Past Project

Effects of Winter Grazing on Performance of Gestating Beef Cows in Northern Ontario

Executive Summary

The project funded the feeding of 58 multiparous, pregnant cross-bred cows (approximately 675 kg liveweight) at the New Liskeard Agricultural Research Station over the fall and winter of 2014.  These cows were in their last trimester.  Twenty head were initially housed outdoors while the remaining 38 head were housed in the Calan gate barn where feed intakes for individual cattle were measured. Five management regimens were examined in the study. Cattle housed outdoors included 10 cows housed on paddocks for stockpile grazing and 10 cows housed in a corn field with access to standing whole corn plants and a round bale feeder filled with a legume/grass hay.  Cattle in the barn were fed one of 3 diets which included ad lib feeding of: 1) alfalfa haylage, 2) 75% haylage/25% wheat straw diet, 3) 75% haylage/25% wood fines diet.  Wheat straw and wood fines were incorporated into the diets to dilute the amount of high quality forage being fed to the cows to lower cost of feeding the cows and allow the high quality forage to be used for classes of cattle that have greater nutrient demands than gestating beef cows.  The wood fines represent a low cost feedstuff which can be used as a filler to satiate the cow while lowering feed costs for the cow-calf producer.  The cows were weighed every 14 days with body condition score determined.  The cows were bled at the start and the end of the trial along with the cattle being ultrasounded at the start, mid-point, and end of the trial to determine body composition.  Wet weather delayed the start of the trial for cattle grazing outdoors.  Once the trial began, a major ice storm developed such that cattle were no longer able to access the stockpiled forage and the cows had to be moved to the Calan gate barn within 30 days of being placed on the stockpiled pasture.  The summer of 2014 turned out to be a bad year for growing corn at New Liskeard such that grain deposition was limited in the cobs so that the cattle were consuming mostly forage.  A harsh winter ensued such that by January 9th, the cows were no longer grazing the corn and were spending most of their time huddled by windbreaks.  Based on ensuring animal welfare, the cows were removed from the corn field and placed in the Calan gate barn.  Not surprising, the cows fed ad lib haylage gained the most weight over the winter feeding trial with no changes in body condition score.  The cows fed haylage with straw or wood fines gained lower amounts of weight over the winter feeding trial but were able to maintain their body condition throughout the trial.  The cattle that started outdoors on pasture or in the corn field were not able to maintain their body condition despite being placed on a haylage/straw diet once they arrived in the barn.  While these cattle had the lowest overall weight gains of all the cows in the trial, there was no effect of management regimen on calf birth weights or weaning weights.  As previously stated, weather impacted standing corn quality with limited grain deposition, the start of the trial for cattle housed outdoors, and the length of time that cattle were able to graze stockpiled forage or the standing corn.  While we did provide hay to cows in the corn field, the harshness of the winter resulted in the cows remaining by the windbreaks and not actively consuming the standing corn or conserved forage. The cows were moved indoors and the grazing corn trial ended earlier than planned.  The wood fines used in the barn trial are commonly used as bedding material for livestock producers.  This study found that replacing haylage with wood fines at 25% of the diet produced comparable animal performance as cows fed a haylage diet where 25% wheat straw was fed in the diet.   Often high quality forages are fed to cows which can result in the consumed nutrients well exceeding the cow’s requirements despite the cow being in the third trimester when the nutrient requirements are the greatest for gestation.   The study found that low cost wood fines can replace high quality forage in a gestating cow diet without affecting cow condition, calf birth weights, and calf weaning weights.  This provides the opportunity for beef cow-calf producers to better utilize high quality forage for cattle that have greater nutrient requirements than gestating cows or to possibly market the high quality conserved forage as an additional revenue stream.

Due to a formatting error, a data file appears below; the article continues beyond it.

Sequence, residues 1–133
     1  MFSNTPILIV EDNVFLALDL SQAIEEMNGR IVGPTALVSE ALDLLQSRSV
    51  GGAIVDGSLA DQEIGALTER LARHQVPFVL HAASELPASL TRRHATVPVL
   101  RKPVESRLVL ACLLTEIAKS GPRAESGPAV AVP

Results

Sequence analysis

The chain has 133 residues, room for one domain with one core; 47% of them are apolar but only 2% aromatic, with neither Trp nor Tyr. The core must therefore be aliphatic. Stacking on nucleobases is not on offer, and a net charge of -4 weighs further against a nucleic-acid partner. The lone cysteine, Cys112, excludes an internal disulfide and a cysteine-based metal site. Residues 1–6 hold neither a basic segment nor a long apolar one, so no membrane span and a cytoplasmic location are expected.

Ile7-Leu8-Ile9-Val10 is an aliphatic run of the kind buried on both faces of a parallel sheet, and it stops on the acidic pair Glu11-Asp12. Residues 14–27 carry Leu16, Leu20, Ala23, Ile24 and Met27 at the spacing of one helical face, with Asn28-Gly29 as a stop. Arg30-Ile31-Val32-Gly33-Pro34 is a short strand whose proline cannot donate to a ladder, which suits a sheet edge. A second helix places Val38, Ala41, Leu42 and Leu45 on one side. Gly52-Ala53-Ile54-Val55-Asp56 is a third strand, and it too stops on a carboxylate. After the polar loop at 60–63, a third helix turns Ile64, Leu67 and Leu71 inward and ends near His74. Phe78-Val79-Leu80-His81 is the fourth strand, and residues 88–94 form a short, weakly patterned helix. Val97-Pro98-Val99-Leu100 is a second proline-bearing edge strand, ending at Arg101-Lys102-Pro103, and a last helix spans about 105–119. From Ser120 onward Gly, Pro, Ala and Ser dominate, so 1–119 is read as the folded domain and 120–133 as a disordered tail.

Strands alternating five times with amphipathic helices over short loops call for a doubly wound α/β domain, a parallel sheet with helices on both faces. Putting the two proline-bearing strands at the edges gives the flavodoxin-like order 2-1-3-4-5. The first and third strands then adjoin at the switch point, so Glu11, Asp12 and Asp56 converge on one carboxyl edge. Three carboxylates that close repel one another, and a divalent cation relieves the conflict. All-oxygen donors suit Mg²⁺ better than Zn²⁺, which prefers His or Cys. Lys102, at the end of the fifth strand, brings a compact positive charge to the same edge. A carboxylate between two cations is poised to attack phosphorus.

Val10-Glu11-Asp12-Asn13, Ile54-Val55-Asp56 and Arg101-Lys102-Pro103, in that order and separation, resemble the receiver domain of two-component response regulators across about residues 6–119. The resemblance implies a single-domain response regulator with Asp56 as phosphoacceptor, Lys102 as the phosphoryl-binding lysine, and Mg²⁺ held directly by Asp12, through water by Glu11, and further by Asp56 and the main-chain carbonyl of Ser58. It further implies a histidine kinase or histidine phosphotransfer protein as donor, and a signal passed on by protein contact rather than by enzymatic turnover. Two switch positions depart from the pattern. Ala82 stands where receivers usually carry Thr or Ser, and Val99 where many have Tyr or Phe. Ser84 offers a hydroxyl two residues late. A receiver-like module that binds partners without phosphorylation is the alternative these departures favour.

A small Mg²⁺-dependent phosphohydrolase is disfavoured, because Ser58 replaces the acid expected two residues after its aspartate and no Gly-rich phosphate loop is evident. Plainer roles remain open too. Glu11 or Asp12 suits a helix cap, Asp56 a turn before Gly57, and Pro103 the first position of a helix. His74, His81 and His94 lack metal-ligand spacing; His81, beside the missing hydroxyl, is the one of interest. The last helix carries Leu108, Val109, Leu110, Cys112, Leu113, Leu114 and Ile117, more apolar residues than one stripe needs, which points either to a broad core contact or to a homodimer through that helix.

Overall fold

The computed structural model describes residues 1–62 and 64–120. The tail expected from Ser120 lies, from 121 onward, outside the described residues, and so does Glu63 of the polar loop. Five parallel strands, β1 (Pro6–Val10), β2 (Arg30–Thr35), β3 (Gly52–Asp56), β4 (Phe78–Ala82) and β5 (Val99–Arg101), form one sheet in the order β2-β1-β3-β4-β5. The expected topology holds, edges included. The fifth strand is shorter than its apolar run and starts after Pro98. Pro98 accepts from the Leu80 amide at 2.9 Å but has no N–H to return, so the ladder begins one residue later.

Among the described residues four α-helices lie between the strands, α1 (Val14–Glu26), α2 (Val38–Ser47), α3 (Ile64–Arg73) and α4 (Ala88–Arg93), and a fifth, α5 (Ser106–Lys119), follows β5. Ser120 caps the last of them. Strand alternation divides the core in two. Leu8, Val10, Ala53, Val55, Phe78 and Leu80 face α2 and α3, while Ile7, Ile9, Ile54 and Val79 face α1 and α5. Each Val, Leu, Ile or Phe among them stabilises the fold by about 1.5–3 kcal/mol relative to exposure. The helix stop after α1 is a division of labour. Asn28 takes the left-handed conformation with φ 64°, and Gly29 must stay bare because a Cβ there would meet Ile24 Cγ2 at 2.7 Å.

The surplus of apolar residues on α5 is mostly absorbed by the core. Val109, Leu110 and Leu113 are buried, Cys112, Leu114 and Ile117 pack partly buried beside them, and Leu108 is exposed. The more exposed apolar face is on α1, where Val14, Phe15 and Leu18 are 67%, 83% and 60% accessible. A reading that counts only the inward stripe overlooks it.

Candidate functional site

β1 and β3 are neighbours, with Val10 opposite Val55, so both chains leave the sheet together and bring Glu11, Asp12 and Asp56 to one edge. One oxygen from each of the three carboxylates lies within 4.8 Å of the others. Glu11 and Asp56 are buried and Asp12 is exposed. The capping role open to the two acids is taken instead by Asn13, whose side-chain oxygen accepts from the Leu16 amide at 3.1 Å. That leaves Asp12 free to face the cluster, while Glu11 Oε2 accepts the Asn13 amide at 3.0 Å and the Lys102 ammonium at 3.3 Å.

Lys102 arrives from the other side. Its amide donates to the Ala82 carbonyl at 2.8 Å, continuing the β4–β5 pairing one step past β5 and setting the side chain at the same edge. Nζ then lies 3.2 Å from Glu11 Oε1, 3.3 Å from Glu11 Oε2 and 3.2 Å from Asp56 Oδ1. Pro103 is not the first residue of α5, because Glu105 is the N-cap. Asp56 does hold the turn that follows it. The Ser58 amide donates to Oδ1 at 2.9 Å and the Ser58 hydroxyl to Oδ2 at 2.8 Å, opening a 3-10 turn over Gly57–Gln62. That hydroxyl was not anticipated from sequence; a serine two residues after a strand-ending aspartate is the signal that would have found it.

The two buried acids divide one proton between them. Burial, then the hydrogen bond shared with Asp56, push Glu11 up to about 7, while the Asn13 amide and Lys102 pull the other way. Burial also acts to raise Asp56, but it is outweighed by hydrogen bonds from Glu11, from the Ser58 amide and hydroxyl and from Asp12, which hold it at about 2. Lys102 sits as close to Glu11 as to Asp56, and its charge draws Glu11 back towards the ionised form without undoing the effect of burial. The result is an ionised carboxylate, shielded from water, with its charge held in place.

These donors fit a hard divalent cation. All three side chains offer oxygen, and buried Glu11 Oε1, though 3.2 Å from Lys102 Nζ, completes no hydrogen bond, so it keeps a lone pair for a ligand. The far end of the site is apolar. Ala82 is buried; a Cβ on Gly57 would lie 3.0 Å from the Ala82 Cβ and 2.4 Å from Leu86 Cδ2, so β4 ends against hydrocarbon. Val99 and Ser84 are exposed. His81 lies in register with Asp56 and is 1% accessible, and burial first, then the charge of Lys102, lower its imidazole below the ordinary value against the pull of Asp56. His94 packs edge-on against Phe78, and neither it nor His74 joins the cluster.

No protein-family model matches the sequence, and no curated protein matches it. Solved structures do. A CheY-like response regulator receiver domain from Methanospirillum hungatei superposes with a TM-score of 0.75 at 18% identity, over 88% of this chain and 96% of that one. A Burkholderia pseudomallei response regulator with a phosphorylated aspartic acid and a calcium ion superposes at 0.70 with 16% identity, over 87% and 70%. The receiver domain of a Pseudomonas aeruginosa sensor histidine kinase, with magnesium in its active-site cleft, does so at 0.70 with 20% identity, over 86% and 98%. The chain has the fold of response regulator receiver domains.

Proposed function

The immediate outcome of this study is that the weather plays a major role in how cows perform when winter grazing in northern Ontario.  Poor weather conditions compromised access to stockpiled forage such that cows had to be removed from extended grazing.  Harsh winter conditions compromised the welfare and behavior of the cows on pasture such that they had to be removed when they stopped normal grazing and feeding behaviors.  The study found that low cost wood fines can be used to replace high quality forage in a gestating cow diet without affecting cow condition, calf birth weights, and calf weaning weights.  This widely available material is normally used for bedding.  Based on this study, this material can be used to dilute the diet of the gestating beef cow so that she is satisfied with the quantity of feed she is getting per day as compared to a limit feeding strategy which the cows may be continuously looking for something to eat as they are still hungry when provided limited amounts of feed on a daily basis. Our findings with the wood fines provide the opportunity for beef cow-calf producers to better utilize high quality forage for cattle that have greater nutrient requirements than gestating cows or to possibly market the high quality conserved forage as an additional revenue stream.  More work is needed to examine progeny performance from these cows and to examine if cow longevity is affected.